Inherited bleeding disorders are
a heterogeneous group of conditions that lead to excessive hemorrhage.
The disorders have distinct inheritance patterns, clinical bleeding
symptoms, and laboratory abnormalities. Therefore, the history and
physical examination are key to guiding appropriate laboratory testing
Hemophilia A, or classical hemophilia, results from congenital
deficiency or absence of circulating factor VIII (FVIII). It is
an X-linked recessive disorder with an incidence of approximately 1:5000
male births.1 Hemophilia B is also known as Christmas
disease after Stephen Christmas who was the first child described
with the disorder.2 It results from a congenital
deficiency or absence of factor IX (FIX). It is an X-linked recessive disorder
with an incidence of approximately 1:25,000 male births.1 Hemophilia
C is an autosomal recessive disorder resulting in decreased amounts
of circulating factor XI. It affects 1 in 100,000 people.
Factor VIII is a plasma glycoproteinconsisting of 6 domains,
A1-A2-B-A3-C1-C2 (eFig. 436.1) .3 The
encoding gene is found on the long arm of the X chromosome (Xq28).The
mature protein is a heterodimer with a light chain consisting of
domains A3-C1-C2 and a heavy chain composed of the domains A1-A2-B. The
majority of FVIII is thought to be synthesized in liver endothelial
cells. Upon release into the circulation, it is immediately noncovalently linked
to von Willebrand factor (vWF). This prevents enzymatic degradation
of FVIII until it is needed during coagulation. As illustrated in eFigure 436.2, during coagulation tissue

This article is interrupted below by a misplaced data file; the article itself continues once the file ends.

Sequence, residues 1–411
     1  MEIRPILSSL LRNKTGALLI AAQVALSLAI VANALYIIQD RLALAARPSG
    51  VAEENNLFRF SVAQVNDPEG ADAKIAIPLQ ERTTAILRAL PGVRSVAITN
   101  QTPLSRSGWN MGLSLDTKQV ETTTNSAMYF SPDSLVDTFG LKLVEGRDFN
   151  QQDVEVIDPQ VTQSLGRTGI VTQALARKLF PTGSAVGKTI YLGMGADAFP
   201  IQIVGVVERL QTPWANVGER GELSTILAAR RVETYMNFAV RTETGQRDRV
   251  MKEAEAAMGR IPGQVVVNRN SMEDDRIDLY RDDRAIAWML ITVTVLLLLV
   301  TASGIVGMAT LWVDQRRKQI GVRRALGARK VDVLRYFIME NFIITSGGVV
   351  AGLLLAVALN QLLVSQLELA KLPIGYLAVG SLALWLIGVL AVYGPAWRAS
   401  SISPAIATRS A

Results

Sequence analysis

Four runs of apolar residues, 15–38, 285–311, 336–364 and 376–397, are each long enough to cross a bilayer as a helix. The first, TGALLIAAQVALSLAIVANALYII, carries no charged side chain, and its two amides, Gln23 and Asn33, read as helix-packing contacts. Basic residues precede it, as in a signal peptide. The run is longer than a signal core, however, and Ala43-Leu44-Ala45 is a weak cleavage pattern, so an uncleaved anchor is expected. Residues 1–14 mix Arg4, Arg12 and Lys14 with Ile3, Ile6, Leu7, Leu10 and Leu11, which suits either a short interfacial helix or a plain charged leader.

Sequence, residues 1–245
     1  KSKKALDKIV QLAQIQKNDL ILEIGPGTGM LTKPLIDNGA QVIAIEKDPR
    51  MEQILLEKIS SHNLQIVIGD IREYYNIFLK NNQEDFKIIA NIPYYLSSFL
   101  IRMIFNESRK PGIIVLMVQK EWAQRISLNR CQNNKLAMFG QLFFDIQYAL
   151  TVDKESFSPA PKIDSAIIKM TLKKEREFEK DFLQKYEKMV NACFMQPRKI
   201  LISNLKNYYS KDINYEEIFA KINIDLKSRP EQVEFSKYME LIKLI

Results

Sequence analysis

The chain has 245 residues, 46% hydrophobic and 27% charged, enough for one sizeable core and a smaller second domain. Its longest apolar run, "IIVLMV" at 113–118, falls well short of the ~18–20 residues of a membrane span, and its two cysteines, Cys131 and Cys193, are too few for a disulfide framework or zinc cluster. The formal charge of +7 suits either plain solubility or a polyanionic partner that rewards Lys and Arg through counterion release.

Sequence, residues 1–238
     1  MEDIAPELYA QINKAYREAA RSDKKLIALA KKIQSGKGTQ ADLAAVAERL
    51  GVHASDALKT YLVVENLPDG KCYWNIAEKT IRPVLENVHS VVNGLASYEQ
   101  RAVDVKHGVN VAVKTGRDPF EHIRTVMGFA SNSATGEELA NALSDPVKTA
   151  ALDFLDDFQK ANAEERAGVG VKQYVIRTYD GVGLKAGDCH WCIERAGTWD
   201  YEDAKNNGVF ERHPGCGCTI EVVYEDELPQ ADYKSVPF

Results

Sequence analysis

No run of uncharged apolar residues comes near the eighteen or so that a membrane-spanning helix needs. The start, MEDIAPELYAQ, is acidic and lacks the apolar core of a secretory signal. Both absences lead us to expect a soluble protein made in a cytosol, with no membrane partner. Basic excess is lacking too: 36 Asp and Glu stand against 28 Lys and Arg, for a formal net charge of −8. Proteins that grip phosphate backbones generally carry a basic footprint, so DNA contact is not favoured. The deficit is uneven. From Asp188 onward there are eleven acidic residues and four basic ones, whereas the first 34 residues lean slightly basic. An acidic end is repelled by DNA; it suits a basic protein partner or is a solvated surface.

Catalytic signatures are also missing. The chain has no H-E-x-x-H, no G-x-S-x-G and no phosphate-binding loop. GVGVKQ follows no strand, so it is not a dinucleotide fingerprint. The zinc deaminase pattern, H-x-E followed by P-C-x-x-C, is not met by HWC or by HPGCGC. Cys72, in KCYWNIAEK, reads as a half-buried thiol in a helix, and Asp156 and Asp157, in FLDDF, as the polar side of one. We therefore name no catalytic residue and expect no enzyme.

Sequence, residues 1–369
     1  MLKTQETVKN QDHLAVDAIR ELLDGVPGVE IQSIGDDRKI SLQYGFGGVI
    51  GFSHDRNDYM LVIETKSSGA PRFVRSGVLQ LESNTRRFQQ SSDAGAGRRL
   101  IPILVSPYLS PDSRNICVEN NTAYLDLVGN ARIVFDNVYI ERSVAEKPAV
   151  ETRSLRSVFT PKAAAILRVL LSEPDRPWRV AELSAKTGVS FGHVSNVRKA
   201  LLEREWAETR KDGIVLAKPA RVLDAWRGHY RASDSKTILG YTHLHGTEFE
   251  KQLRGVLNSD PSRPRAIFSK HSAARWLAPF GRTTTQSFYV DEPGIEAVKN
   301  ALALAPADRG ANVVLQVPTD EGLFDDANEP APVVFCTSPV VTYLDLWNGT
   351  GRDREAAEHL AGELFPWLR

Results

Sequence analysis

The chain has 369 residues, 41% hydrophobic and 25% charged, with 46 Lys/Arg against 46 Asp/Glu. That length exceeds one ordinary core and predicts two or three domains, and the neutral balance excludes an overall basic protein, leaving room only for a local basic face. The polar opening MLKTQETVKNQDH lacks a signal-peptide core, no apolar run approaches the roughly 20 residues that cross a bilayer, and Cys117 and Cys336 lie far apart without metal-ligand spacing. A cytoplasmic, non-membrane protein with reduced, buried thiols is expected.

factor combines with FVIIa at the site of injury. This complex activates
FX and FIX, leading to conversion of prothrombin to thrombin. The
initial thrombin cleavage of the FVIII light chain causes FVIII
to be released into the circulation and then activated to FVIIIa
by further thrombin-mediated proteolysis. FVIIIa and FIXa then act
as cofactors on a phospholipid surface (typically a platelet) during
activation of factor X, V, and ultimately, thrombin (eFig.
436.2).4 Many molecular defects have been
described in the pathology of hemophilia A. These include gross gene
rearrangements of the DNA sequence, single gene rearrangements,
deletions of some or all of the gene sequence, and DNA insertions.
A continually updated list of mutations leading to hemophilia A
can be found at http://europium.csc.mrc.ac.uk.
Domain structure of factor VIII. Factor VIII consists
of 3 A domains, 1 B domain, and 2 C domains that are linked by an activation
Factor IX is a vitamin K–dependent serine protease believed
to be synthesized in the liver and released into the circulation
in its inactive form. The gene is 33 kilobases long on the end of
the X chromosome (Xq27).3 During coagulation, tissue
factor and FVII activate FIX. ...